May 13, 2019 by Speakers' Spotlight
Alexandre Trudeau Talks About Reconciliation, Identity, and His New Movie
Documentary filmmaker and acclaimed freelance journalist Alexandre Trudeau premiered his latest film — and first work of fiction — Wiisgaapte on CBC. Told completely in Ojibwe, Alexandre collaborated with Shirley Williams, an elder at Trent University, to translate his script and coach the actors in this Indigenous language.
Alexandre, the son of Pierre and Margaret Trudeau, is a well-known storyteller who has produced and directed many compelling and provocative films, while also reporting from all corners of the world as a freelance journalist.
His new short film is based on the legend of the Windigo, a recurring story in Ojibwe, Algonquin, and other Indigenous cultures. Alexandre’s version sees the Windigo take on the form of a loved one who has transformed into a predatory monster, making it feel like a condensed horror movie. He recommends you watch it in the dark!
Alexandre recently spoke to the Toronto Star, about Wiisgaapte, the Windigo legend, and his thoughts on reconciliation, identity, and the importance of story.
Where did this project come from?
I’ve always known about the Windigo. It’s just one of these interesting facts of early Canadian life. I was really interested that the legend has manifestations. Though the canon of Windigo legends is certainly from the Ojibwe people, there are versions of it — and very different versions of it, actually — from all over the country, including the Athabaskan peoples of the Northwest. So that sort of struck me, and raises the hypothesis that this is really deeply connected to the land, to the nature of life in boreal forests and northern Canada, and the nature of winter as well.
What sort of resonance does it have for Canada now? Is there a lesson in the Windigo story?
What’s interesting to me is that we are in a very comfortable society. We take for granted the food supply, for instance. And the truth is, all that is precarious. Looking back we realize what life used to be. I think it’s a good lesson. I think Canadians are disconnected from their past. And I think the Indigenous past is relevant to all Canadians, because it’s so deeply connected to the territory and the land, the forest. I grew up spending a lot of time in the forest in winter. My father was an avid snowshoer, really had a great appreciation for trapping and snowshoeing and trying to understand how the land can support people. These are things that are so abstract to us now. And I think they’re not just interesting, but they’re kind of important to being responsible environmentally … Looking at how deeply connected we used to be to the environment, and everything that involved, the risks and all the rest, is kind of an important reflection, I think, for modern Canadians.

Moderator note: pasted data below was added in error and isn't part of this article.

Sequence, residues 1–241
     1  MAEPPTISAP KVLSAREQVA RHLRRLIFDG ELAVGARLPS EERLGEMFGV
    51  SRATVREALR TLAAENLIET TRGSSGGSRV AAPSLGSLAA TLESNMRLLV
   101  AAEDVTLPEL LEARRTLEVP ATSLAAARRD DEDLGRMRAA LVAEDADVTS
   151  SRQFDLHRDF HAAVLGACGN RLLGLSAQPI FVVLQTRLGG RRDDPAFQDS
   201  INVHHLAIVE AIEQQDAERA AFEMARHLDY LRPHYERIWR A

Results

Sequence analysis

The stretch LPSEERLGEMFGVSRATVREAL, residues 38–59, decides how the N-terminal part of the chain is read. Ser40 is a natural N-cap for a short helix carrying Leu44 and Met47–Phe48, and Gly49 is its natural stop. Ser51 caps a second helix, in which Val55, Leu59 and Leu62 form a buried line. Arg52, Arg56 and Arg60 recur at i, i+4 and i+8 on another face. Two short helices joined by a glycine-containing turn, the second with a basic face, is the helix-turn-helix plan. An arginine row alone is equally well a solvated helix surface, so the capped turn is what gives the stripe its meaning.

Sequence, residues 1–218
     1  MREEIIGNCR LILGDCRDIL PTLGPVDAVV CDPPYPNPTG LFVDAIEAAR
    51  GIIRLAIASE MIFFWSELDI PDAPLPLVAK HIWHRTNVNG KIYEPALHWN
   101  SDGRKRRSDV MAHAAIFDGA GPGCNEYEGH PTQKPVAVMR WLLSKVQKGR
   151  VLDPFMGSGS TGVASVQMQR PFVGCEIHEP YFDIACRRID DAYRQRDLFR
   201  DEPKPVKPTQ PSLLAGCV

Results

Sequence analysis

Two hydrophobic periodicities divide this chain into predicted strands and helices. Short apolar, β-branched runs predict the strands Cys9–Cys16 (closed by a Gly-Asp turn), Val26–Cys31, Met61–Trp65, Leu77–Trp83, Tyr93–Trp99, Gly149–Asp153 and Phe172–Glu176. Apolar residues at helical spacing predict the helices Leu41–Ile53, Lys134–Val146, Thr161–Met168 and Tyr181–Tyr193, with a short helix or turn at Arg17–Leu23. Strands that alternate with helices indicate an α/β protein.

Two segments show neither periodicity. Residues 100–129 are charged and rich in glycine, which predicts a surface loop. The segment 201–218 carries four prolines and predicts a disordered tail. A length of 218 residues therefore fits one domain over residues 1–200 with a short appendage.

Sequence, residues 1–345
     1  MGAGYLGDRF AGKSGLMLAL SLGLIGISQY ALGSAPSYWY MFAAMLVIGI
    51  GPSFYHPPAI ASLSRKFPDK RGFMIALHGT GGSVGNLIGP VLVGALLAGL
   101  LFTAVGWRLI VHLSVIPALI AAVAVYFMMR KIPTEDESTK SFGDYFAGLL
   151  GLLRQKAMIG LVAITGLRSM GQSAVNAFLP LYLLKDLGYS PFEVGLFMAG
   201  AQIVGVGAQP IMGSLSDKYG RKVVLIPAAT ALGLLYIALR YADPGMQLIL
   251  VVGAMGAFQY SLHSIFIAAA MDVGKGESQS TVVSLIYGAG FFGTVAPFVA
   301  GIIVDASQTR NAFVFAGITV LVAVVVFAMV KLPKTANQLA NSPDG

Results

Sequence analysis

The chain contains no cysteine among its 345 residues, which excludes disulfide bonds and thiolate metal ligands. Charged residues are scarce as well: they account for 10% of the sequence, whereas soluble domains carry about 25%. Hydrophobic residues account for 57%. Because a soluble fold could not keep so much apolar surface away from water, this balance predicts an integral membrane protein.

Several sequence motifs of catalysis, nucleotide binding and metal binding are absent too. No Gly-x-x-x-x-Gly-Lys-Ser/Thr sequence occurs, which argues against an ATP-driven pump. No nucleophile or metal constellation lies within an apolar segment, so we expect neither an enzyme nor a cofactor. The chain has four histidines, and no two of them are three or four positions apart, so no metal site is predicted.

There’s been so much discussion in recent years about cultural appropriation. Was that a consideration in telling this story? How did you navigate that?
I think I understand the context of cultural appropriation. It really is mapping onto what was real appropriation and real efforts of assimilation. Taking away territory, taking away the ability to live in a traditional manner, and all the rest, which is part of the cataclysm that hit Canadian and North American Indigenous peoples after the arrival of European settlers. And I understand the history of 20th century cinema about Indigenous Canadians or Indigenous North Americans often portrayed them in a very colonial light. They were the outsiders, they were the enemies. They were seen as the prototypical “other.”
I think that all fiction writers and actors and filmmakers, one of the things that motivates us to create is the ability to be what we’re not… Ultimately, I understand the sensitivity, which is a historical one, to having people frame First Nations in an alienating manner, and it remains very delicate for anyone who wants to tell these stories.
But we need to tell stories. We tell each other’s stories — it’s how we learn about each other. I really believe in that.
Most people have very little, if any, conception of the pre-settler history of Canada. At a moment where there is a push for reconciliation, is there something like a political obligation for people to get to know these types of stories, these types of legends?
I think reconciliation is more than just accepting what was done wrong in the past … It’s not just looking back. It’s understanding that, not only is Canada a better place, Canada just isn’t a place without an important role for these stories, for us all — for non-Indigenous Canadians — and understanding the narratives of this territory and seeing how they’re a part of us. Being here, these stories matter to us all… Canada is an Indigenous nation.
Alexandre Trudeau was a trusted witness on the ground as the bombs began to fall on Baghdad in 2003; he charted the intimate realities on both sides of the Israeli security barrier; he stood up for the rights of imprisoned security certificate detainees in Canada; he shed light on the origins of unrest in Darfur, Liberia, and Haiti; and he deconstructed the Canadian peace-keeping legacy fifty years after Pearson’s Nobel.
Having gained widespread recognition for his edgy and insightful humanism and for his brave iconoclasm and fierce dedication to social justice, Alexandre doesn’t fit into any boxes and never fails to surprise, provoke, and inspire
Interested in learning more about Alexandre and what he can bring to your next event? Email us at firstname.lastname@example.org.